2100 liters (74 cubic feet) of impregnated wood shavings or of other vegetable raw materials are mixed with 300 kilograms (60 pounds) of portland cement. The freshly mixed material is, in a moistened or plastic condition, introduced under vibration into hollow block molds and lightly pressed. The presser lids and molds are removed after a few minutes, the blocks supported on pallets are pushed at regular time intervals onto a continuously running chain conveyor such as the means 18 shown in FIGURE 1. In the illustrated installation 10, the conveyor means 18 takes the hollow blocks 28 five times alternately through a cool zone 14 and a warm zone 16, travelling at a preferred speed of about 1 meter per minute. In the air ducts 34, the required heat is provided by the heating means 36, the fans 38 serving to push the warm air downwardly through the ducts 34 and past the heating means 36. The water nozzles 40 in the cool zones 14 provide a water mist maintaining the desired humidity with the additional fans 42 insuring uniform air circulation. The initial warm zones contains moist air with an admixture of carbon dioxide at a temperature of about 60 C. In the next warm zone the temperature is slightly higher, with the temperatures increasing still further in each additional warm zone until the last warm zone wherein a temperature of about 70 C. is provided. The relative air humidity falls from about 75 percent in the first zone to about 55 percent in the last, with the carbon dioxide content being at about 5 percent in the initial warm and cool zones and about 3 percent in the final warm and cool zones.
The above conditions are set forth merely as illustrative, and are not to be considered in a limiting sense. For example, the conveyor speed, the temperature limits and the carbon dioxide content of the chamber air can be adjusted in accordance with the requirements of the individual treated elements. In any event, however, relatively lower temperatures are utilized than have been necessary with prior art systems such as is disclosed in the aforementioned Swiss patent. Thus, acceleration of the hardening procedure is effected at a temperature which is still bearable by organic aggregates without disturbing the setting process or disintegrating the aggregate material. In particular, the setting process proceeds at a speed that prevents the slow moving reactions between so-called cement inhibitors contained in organic aggregates and the components of the cement from exercising any effect. Particularly, in contrast to prior art techniques the disturbance or prevention of the setting of the cements through the action of sugar solutions acting as enveloping colloids or of products of cellulose decomposition is obviated in most cases. The acceleration of binding is heightened by the better utilization of the heat input. Additionally the hardening is more uniform and due to the improved diffusion and heat exchange conditions penetrates better to the interior of the individual elements.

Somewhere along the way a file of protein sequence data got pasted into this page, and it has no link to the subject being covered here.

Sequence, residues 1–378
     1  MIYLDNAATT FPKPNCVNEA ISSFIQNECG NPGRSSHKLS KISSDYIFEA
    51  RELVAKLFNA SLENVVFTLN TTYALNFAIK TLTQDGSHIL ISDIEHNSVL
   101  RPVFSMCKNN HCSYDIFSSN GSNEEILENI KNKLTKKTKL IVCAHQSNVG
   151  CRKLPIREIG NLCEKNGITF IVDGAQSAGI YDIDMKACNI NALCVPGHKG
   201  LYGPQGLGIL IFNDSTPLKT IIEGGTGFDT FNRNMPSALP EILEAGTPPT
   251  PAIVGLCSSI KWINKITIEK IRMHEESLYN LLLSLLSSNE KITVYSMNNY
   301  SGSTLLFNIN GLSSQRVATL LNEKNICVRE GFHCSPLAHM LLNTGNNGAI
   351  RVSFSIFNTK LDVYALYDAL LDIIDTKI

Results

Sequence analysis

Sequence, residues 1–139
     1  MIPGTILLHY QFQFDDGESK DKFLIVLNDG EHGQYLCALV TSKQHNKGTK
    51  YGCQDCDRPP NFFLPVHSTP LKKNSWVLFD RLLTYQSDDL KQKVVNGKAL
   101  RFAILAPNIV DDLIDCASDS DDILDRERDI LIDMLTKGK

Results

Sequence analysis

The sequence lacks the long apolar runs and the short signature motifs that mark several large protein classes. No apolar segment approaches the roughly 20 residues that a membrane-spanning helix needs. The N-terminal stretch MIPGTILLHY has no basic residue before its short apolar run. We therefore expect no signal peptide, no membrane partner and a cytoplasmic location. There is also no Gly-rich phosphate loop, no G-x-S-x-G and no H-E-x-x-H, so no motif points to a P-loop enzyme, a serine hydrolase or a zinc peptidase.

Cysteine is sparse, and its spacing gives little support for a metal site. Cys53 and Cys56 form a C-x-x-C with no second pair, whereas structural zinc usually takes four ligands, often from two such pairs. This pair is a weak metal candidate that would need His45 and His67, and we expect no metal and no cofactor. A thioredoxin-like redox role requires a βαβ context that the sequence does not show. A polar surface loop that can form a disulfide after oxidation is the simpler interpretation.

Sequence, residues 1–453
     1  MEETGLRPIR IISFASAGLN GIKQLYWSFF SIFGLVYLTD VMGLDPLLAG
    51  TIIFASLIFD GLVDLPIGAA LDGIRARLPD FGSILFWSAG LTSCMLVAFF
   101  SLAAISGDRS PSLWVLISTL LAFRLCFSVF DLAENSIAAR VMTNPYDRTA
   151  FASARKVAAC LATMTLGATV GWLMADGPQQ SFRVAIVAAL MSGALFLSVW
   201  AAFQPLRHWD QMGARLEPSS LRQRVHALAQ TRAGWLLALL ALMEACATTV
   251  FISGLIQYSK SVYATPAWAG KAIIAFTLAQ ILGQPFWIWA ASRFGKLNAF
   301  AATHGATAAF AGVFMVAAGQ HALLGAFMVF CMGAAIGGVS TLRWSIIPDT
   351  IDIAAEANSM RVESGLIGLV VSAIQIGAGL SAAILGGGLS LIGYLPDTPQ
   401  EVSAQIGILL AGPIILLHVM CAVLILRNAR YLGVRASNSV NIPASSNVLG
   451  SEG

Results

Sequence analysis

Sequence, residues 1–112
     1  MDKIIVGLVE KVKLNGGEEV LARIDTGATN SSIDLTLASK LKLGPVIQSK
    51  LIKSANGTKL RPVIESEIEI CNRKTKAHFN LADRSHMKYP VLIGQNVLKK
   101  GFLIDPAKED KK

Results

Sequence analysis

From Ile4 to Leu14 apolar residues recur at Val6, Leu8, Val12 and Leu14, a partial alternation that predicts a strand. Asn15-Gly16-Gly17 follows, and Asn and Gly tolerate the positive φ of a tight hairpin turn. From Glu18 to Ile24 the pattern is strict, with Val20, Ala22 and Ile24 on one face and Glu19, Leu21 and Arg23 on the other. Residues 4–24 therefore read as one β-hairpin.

An immediate economic advantage ensues from placing the warm and cool zones as shown in FIGURE 1, with the latter being situated beneath the former. In this manner, the natural separation between warm and cool air can be utiiized so that no rigid mutual insulation between the two zones is required but simple partition panels 44 are sufficient, and the transportation of the elements through the installation is not impeded by such partitions. Further, the constant temperature in the individual zones eliminates the costs necessitated by utilizing a single zone which is alternately heated and cooled.
The various conditions are so arranged that on leaving the final zone, the treated elements 32 have reached a sufficient degree of strength as to be handled for further processing. The particular design of the installation utilized according to the preferred embodiments of this invention insures relative uniformity in the atmospheric conditions to which the elements are subjected providing for homogeneity in the individual zones thereby insuring more uniform treatment of the elments as they pass therethrough, both from the standpoint of temperature and humidity as well as the other variables.